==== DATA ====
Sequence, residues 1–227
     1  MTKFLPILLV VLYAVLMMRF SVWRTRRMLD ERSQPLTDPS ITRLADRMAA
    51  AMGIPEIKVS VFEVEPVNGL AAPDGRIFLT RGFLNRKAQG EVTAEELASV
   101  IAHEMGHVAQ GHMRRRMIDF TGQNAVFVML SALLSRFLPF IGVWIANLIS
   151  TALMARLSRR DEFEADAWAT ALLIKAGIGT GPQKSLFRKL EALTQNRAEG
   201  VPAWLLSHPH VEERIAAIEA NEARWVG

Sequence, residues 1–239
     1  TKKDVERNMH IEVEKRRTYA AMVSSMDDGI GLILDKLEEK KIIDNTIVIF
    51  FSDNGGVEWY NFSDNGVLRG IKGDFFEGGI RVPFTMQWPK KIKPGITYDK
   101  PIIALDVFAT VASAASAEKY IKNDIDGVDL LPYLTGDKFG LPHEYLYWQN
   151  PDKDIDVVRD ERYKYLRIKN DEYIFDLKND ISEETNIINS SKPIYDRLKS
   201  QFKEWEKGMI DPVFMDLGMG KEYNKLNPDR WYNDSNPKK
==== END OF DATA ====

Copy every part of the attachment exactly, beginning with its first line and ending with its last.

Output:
Sequence, residues 1–227
     1  MTKFLPILLV VLYAVLMMRF SVWRTRRMLD ERSQPLTDPS ITRLADRMAA
    51  AMGIPEIKVS VFEVEPVNGL AAPDGRIFLT RGFLNRKAQG EVTAEELASV
   101  IAHEMGHVAQ GHMRRRMIDF TGQNAVFVML SALLSRFLPF IGVWIANLIS
   151  TALMARLSRR DEFEADAWAT ALLIKAGIGT GPQKSLFRKL EALTQNRAEG
   201  VPAWLLSHPH VEERIAAIEA NEARWVG

Sequence, residues 1–239
     1  TKKDVERNMH IEVEKRRTYA AMVSSMDDGI GLILDKLEEK KIIDNTIVIF
    51  FSDNGGVEWY NFSDNGVLRG IKGDFFEGGI RVPFTMQWPK KIKPGITYDK
   101  PIIALDVFAT VASAASAEKY IKNDIDGVDL LPYLTGDKFG LPHEYLYWQN
   151  PDKDIDVVRD ERYKYLRIKN DEYIFDLKND ISEETNIINS SKPIYDRLKS
   201  QFKEWEKGMI DPVFMDLGMG KEYNKLNPDR WYNDSNPKK